Cape Town, Africa’s Best un-African city

The media says Helen Zille marched on Zuma’s ‘compound’. It’s racist for white people to call a black man’s home ‘compound’. The correct term is ‘crib’. While she was away I marched on her Zilleville house. I was turned away by the armed wing of the DA, or as they call themselves, ADT.

The fact is Cape Town’s refugees and professional blacks don’t get to live in compounds. They get to live where apartheid put them: in a puddle on a sandpit.

Cape Town is the least African city in Africa, but Conde Nast just voted it the best city in Africa. Nothing Eurocentric about that. This week I told the peaches who follow me on twitter: “I love you Cape Townians, but get honest, your city is so unAfrican even the Voortrekkers decided to leave it”.

Apparently it really upsets people with pink skins when they are told they are not African. It’s awesome that they want to be African, but let’s play fair comrades. Living a 100% western lifestyle and then trying to score Africa points is like having a penis and trying to become a 100m women’s sprint champion (no disrespect intended, Caster). One cheesepuff even asked me “what is Africa meant to look like?” I answered that it kind of looks likes a piece of bacon. Mozambique is the fatty bit.

Ja, its very bigoted to tell coloured ous they aren’t African. Jimmy Manyi would use it as a reason to move people. The problem is Cape Town’s power centre, the CBD, sitting like a big tight-jeaned hipster crotch between Table Mountain and Signal Hill, is very Eurocentric. There is less melanin in Cape Town’s hipster city centre than there is in Buthelezi’s teeth. Culturally it’s like France light (not ‘lite’).

Cape Town is so full of cool people it’s slowing summer down. These scuffed-shoed, retro-bearded, obscure t-shirt wearing cultural imperialists are so busy being ironic they have overlooked the irony of their totally non-African version of Africa. Even the street poles with isiXhosa on them seem fake. Who is the Xhosa for? It’s not, for the most part, like they can afford to live there. And if they do they can’t go two steps without some German asking them if they work here.

In fact I’ll bet you my poppekas more Germans own houses in Cape Town’s city bowl than Xhosas. And these hipster colonialists whine like a DA caucus (hang on, they ARE a DA caucus) when someone asks if they are African.

They go, “but what about diversity?” Please man, “diversity” is the word white people use to tell black people to shut the f*** up. And the neo-Nazis in the centre of Cape Town (where have I seen that hipster haircut before? Hmmm. Mein Kampf’s Bay) will shout that I mustn’t generalise about their neo-Nazi version of white liberalism. They act like they are the nice white people… its those Steve Hofmeyr types we must hate on.

Screw that. The hipster version of cool is, in an ironic, retro way, how whiteness has been reinvented in Cape Town’s city bowl. Obviously you get black hipsters, who, apart from writing for The Daily Maverick or presenting LNN, shake up the cultural status quo just by being there.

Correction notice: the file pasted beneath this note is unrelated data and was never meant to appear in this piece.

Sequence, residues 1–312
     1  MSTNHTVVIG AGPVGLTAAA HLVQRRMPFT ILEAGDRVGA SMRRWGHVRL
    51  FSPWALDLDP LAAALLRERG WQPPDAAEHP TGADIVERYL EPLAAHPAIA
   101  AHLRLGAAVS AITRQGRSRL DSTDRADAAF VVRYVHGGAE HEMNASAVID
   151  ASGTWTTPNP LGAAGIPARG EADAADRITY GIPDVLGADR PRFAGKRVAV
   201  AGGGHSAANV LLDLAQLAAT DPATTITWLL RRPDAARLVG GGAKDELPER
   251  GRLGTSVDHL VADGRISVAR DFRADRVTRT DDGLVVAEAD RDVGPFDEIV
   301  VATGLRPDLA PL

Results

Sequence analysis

But let them come with any demands for real change and see how quickly they get diversified to death. Ja, those Sunset Clauses saved some white asses. Maybe that’s why they so happy to have Mandela on the money? He helped them keep theirs.

In case you all think I am a puppet of Black Nationalism. I am not. WTF does the president mean by “white man’s justice”? What must coloured and Indian people do? Call into 3 Talk? The African-white dichotomy is a story racist politicians tell to get votes. African and western (not the same as ‘white’) culture have been mixing for hundreds if not thousands of years. Julius Caesar was pomping Cleopatra loooong before Theunis Crous tried it. I am just pointing out the power vibes.

So, Conde Nast, your favorite African cities are Cape Town and Knysna, where white people go to semi-grate? If that was any more backwards your publication would have reverse lights.

Chester Missing is a political analyst on Late Nite News with Loyiso Gola on eNCA and etv.

 

  • http://twitter.com/ursanegro ursanegro

    well, if the extent of your exposure to cape town is the CBD, then by all means call the city un-”african”. but, really… who wants to go there anyway? much of the time, it’s pretty boring.

    [full disclosure: i lived in the CBD for three of the eight years i've been in cape town, and on a nice day, i live walking distance away from it, even now.]

    that said, if the race of the inhabitants of a city center determines how “african” it is, then dakar loses too. ditto for monrovia, before the war, and tunis even now. but, being south african means that you pay lip service to the rest of the continent, but never have any real desire to actually see it, except for — wait for it — the same places that the tourists from europe visit.

    i’ll give you a kwerekwere inside secret — when a foreign african says that south africa is like “america in africa” … most of the time, it’s *not* a compliment. just so you know.

  • http://twitter.com/ursanegro ursanegro

    oh, and good job on “agents provocateurs” — few people in this place get that right. i’m sure you mispronounce it though.

  • liveindurbanbtw

    I can’t believe I actually read this monotonous s$%t. I still don’t understand how any city in Africa can not be African. Perhaps if we slaughtered animals on the streets and killed anyone for being sexually attracted to the same sex, then perhaps we’d get our “African” cred up. A civilised city doesn’t make it less African. It should be an example to the rest. (Btw.. favorite is american spelling. Change your spell check at the bottom of word to South African)

  • Matthew